As Germany closes its last nuclear reactors, it is also reactivating old coal power plants to ensure electricity supply security amid Russian threats to turn off the gas tap.
“Coal will play a crucial role,” said Olaf Lies, energy minister of Lower Saxony. “That we choose this phrase once again is certainly not entirely self-evident given the country’s plan to phase out coal by 2030.”
As Russia wages war in Ukraine and threatens to stop pumping gas through the Nord Stream 1 pipeline, Germany is experiencing a rude awakening.
“We know, and we have to admit it, that in the last 20 years, we have maneuvered ourselves into ever greater dependence on fossil energy imports from Russia,” Vice Chancellor Robert Habeck said. “This is not a good state of affairs. All the efforts of the federal government, indeed of the country, are aimed at reducing this dependency as quickly as possible.”
That implies firing Germany’s coal power plants back up. “If we want to be more independent, we will have to operate with coal,” Lies said.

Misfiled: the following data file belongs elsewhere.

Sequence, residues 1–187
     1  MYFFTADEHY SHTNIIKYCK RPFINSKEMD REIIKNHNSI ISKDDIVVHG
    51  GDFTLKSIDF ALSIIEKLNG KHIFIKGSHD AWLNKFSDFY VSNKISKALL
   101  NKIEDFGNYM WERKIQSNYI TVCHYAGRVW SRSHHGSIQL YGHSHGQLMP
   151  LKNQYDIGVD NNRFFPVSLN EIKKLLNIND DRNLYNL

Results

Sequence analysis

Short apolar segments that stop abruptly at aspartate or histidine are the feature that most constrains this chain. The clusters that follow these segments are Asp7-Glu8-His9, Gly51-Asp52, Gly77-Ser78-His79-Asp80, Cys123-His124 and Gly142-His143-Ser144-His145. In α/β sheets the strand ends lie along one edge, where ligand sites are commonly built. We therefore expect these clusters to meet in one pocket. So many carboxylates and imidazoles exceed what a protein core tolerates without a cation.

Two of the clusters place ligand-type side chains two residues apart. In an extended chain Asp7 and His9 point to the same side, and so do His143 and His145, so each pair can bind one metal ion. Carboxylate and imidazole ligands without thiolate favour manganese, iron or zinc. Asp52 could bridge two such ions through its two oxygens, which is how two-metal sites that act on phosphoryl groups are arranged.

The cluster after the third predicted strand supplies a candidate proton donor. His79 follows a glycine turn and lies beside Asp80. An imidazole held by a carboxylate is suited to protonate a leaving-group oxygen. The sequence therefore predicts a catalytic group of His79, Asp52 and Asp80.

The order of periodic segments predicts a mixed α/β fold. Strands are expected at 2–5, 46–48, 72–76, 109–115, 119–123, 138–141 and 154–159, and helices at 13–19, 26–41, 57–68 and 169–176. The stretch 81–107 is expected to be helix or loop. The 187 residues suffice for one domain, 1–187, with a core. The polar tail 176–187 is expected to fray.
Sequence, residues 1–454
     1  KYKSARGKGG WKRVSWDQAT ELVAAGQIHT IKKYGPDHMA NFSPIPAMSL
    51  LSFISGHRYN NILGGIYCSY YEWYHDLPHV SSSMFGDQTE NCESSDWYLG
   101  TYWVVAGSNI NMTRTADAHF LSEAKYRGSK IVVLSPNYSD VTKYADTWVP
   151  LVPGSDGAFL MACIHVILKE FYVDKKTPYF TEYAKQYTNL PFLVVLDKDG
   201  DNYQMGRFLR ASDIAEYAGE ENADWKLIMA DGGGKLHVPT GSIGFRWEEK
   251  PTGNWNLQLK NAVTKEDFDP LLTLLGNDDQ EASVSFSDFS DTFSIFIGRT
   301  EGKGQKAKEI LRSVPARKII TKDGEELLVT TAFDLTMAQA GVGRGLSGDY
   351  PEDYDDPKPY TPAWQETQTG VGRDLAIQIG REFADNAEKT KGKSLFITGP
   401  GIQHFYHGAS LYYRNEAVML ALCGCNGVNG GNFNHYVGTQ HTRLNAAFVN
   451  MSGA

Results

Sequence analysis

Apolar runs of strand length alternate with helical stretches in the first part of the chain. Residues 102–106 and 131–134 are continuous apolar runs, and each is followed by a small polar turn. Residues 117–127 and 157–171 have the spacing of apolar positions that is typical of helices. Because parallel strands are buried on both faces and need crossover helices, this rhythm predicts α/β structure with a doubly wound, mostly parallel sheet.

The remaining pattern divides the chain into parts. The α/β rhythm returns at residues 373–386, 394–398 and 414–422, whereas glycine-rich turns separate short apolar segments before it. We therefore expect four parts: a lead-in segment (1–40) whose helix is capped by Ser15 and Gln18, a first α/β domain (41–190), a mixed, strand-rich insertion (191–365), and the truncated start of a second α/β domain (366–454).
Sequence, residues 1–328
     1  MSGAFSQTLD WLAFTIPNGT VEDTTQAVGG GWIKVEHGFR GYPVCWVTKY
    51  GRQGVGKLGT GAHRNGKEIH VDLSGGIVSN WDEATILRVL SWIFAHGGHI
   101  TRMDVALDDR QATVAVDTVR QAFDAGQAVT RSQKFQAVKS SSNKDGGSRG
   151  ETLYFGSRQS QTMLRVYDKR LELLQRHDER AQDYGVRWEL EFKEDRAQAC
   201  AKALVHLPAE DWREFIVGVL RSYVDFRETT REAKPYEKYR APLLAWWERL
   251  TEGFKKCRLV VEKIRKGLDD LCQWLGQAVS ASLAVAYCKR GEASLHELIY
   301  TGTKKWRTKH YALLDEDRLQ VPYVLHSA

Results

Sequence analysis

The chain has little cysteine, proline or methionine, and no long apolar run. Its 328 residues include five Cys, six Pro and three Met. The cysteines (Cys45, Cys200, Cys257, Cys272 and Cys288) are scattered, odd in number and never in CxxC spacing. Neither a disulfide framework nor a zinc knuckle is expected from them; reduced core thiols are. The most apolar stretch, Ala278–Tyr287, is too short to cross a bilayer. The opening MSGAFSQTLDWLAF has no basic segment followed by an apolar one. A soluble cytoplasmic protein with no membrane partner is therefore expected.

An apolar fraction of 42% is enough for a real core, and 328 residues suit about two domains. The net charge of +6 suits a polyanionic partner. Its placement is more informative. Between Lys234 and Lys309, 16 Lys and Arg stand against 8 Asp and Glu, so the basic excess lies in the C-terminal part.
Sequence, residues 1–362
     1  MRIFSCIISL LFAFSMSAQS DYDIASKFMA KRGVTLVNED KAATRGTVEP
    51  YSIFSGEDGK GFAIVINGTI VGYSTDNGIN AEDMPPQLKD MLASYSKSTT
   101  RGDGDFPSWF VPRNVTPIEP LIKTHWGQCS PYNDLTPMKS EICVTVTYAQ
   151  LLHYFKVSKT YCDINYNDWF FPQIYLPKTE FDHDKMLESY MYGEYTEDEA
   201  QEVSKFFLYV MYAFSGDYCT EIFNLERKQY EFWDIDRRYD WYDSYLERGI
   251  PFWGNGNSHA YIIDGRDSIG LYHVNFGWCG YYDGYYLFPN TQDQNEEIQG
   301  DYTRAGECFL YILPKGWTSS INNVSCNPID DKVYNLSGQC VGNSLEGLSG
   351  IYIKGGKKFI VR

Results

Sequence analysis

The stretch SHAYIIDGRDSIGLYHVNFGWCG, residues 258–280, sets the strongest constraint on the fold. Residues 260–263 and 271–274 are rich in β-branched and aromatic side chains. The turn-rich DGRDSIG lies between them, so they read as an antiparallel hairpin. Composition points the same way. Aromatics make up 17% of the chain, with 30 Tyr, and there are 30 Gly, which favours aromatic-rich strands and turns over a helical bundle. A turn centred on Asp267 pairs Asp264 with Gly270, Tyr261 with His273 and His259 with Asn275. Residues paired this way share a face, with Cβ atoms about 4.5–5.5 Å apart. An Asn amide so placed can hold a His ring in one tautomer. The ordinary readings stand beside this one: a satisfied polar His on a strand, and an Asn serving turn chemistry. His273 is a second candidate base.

Germany currently has around 45 GW of coal power capacity in place. While some has been turned off, part of it is being held in reserve to ensure the country’s security of supply.
Habeck had already announced the creation of strategic coal reserves in a bid to cut down Germany’s reliance on Russian gas. Those will allow power plants to run for 30 days of winter without any deliveries, Spiegel reported.
Now, Germany’s energy network agency has asked for the country’s coal power plants to remain on standby if needed.